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This chapter presents the government’s economic policies and the oppression of peasants by state agents and large landowners. After the collapse of the Ottoman Empire, the building of the modern Turkish republic was financed largely through taxes and monopoly revenues extracted from the agricultural economy. Turkey’s economy was largely based on agriculture, and accordingly, the new state relied heavily on rural resources. Oppression and coercion by state agents such as tax collectors and gendarmes and local dominants such as large landowners or village headmen accompanied the economic exploitation of peasants. This chapter gives a detailed picture of the exploitation and domination mechanisms that afflicted smallholders and the rural poor. It also sheds light on the impact of the Great Depression on Anatolian peasants.
This chapter reveals and examines the ways ordinary people expressed, disseminated and exchanged contrary views and subversive opinions. It especially focuses on three avenues through which the people’s voice and opinions were expressed and circulated: daily conversations, rumors and placards. The first and foremost thing the people were involved in was daily chats. The people expressed their contrary views when they came together in relatively safe places free from the state’s control, like houses, coffeehouses or gardens. Daily conversations were generally accompanied by rumors. Everyplace in the country was awash with numerous rumors. Rumors, mostly unfounded, expressed the hopes, desires or fantasies of people discontented with the regime, the government or a specific policy. Rumors challenged and sometimes undermined the credibility of the official propaganda and discourse. Finally, in those public places where open talks were risky, the people aired their grievances, contrary arguments and even criticisms through handwritten papers affixed on walls, trees or doors. All these operated as alternative media challenging the official propaganda of the government and its mouthpieces, the formal press.
The Hat Law is one of the hallmarks of the early republic. The nationalist-modernist new rulers attempted to fashion the Muslim population into a modern and secular nation by changing symbolic and cultural codes like clothing styles. Symbols such as headgear had conveyed important meaning since the Ottoman Empire by signaling the wearers’ religious, social and economic status. Aware of the power of clothing and particularly of headgear, the government intervened by eliminating this traditional and religious symbol with the Hat Law. The fez was discarded and the turban was limited to preachers. However, these changes generated a series of protests. Many Islamic scholars and preachers rejected the new hat. These are well-known aspects of the people’s negative response to the hat reform. In contrast to the existing literature, which focuses on well-known anti-hat protests and the religious reasons that spurred them, this chapter examines how people dealt with the hat reform by avoidance, covert disobedience or selective adaptation methods. This chapter also reveals the complex causes of the people’s hesitance to adopt Western hats instead of rendering the issue a conflict between tradition and modernity. It reveals the role of symbols like dress codes in social resistance, power rivalries and class struggles as well as in state-making.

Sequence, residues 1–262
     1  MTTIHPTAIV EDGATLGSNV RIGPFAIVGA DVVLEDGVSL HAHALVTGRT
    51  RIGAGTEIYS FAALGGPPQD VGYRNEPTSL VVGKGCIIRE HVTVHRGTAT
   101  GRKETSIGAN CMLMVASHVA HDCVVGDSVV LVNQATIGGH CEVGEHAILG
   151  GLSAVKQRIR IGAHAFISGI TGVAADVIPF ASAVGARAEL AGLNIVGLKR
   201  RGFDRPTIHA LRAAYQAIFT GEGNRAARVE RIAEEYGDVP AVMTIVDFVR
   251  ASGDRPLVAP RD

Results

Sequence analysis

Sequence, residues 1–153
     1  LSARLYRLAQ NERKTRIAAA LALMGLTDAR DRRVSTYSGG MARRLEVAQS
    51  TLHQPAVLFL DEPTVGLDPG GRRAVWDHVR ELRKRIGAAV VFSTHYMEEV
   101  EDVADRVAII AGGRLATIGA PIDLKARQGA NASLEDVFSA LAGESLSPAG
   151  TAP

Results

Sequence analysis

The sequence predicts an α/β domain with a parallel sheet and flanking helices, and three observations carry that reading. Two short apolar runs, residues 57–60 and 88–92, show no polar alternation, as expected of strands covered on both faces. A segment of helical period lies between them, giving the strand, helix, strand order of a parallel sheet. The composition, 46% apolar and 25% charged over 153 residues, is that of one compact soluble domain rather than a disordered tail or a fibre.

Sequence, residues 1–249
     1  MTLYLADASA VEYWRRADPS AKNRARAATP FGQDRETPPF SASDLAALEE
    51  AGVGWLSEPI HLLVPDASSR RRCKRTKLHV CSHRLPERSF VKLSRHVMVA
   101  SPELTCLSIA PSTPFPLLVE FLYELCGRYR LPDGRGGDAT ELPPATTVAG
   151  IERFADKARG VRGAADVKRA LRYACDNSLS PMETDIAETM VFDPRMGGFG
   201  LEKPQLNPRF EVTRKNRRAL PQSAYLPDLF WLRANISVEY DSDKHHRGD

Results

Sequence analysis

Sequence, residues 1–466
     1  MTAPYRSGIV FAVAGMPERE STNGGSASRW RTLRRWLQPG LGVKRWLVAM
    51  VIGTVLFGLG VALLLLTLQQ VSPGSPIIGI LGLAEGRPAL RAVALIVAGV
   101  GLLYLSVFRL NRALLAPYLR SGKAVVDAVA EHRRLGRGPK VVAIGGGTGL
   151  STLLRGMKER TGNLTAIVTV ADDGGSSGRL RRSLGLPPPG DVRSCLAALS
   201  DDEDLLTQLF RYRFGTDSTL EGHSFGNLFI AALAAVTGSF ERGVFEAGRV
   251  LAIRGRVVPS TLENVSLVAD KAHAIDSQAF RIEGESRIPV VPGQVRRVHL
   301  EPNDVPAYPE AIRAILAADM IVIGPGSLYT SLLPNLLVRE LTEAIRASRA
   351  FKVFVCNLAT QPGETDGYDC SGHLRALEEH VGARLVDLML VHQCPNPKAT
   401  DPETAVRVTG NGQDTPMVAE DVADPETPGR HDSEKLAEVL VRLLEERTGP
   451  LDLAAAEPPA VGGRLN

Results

This chapter brings out a less-known aspect of anti-veiling campaigns during the early republic of Turkey. It covers the provincial society’s negative perception of and resistance to unveiling. In contrast to the widely accepted arguments emphasizing the conflict between religiosity and modernity, this chapter reveals the socioeconomic, gender and psychological reasons that motivated the approach of men and women to unveiling. This chapter argues that despite the anti-veiling campaigns, peer pressure and local, traditional norms outweighed the state’s influence and that women did not give up veiling. This part also shows how the government dealt with the people’s insistence on veiling in a flexible manner rather than in coercive ways.
Monopolies constituted one of the main ways to control the economy from the Ottoman Empire to republican Turkey. Monopolies, which predominantly functioned as a mechanism to provide revenue for the state before the modern era, have gained new functions such as structuring property relations by commercializing the economy and generating revenues for modernization and state-building. Ottoman historians examined smuggling in the Ottoman Empire. What is less known is the smuggling during the early republic. The new Turkish state embarked on radical modernization and state-making projects and financed them with monopoly revenues as well as taxes. This chapter examines the responses of low-income consumers, producers and traders to monopolies and monopoly-like state control of tobacco, cigarette, salt, alcoholic beverages, textiles, sugar and forests through smuggling during the first two decades of the Republic. It argues that most actions labeled as “smuggling” were economic survival methods and were the continuation of practices with a very long pedigree because this is how people coped with the high prices of monopoly products, taxes and profit margins. The chapter shows that this informal economy restricted the republican state’s extractive capacity.
This chapter examines the peasants’ everyday resistance to heavy taxes, particularly the land tax, the livestock tax, the road tax and the wheat protection tax under the single-party regime. It shows that under the authoritarian single-party system, peasants coped with the increasingly burdensome economic demands of the new state and resulting social injustice through everyday and informal means. In contrast to the existing accounts that mostly regard the peasants as atomized under the absolute control of the state, this chapter portrays them as a relatively active social dynamic, which annulled the great part of the taxes in practice and compelled the government to soften its heavy taxes.